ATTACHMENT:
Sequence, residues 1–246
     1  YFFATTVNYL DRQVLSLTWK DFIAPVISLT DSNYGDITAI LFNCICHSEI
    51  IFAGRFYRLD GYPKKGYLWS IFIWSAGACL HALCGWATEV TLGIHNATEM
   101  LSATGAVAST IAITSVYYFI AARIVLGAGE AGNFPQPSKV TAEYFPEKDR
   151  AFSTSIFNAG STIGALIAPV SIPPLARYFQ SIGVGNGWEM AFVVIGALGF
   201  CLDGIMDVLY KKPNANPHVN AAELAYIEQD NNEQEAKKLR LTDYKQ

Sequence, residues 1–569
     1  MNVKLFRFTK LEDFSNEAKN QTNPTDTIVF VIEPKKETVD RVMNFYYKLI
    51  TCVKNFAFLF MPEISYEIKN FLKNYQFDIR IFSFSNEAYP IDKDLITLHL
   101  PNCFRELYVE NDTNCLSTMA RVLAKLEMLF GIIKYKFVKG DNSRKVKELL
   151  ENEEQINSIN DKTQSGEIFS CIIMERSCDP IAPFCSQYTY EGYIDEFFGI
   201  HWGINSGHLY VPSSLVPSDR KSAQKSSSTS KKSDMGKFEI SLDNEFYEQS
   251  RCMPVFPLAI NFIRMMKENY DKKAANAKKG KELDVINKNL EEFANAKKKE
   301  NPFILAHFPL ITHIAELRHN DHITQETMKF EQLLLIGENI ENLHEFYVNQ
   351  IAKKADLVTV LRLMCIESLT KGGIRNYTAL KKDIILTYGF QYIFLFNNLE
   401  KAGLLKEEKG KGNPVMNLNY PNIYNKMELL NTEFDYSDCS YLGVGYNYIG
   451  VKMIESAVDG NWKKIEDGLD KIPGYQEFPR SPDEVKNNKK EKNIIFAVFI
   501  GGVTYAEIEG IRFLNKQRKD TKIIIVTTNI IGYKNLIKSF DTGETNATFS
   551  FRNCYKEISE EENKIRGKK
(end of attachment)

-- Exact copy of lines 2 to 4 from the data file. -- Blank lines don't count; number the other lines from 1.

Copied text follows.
     1  YFFATTVNYL DRQVLSLTWK DFIAPVISLT DSNYGDITAI LFNCICHSEI
    51  IFAGRFYRLD GYPKKGYLWS IFIWSAGACL HALCGWATEV TLGIHNATEM
   101  LSATGAVAST IAITSVYYFI AARIVLGAGE AGNFPQPSKV TAEYFPEKDR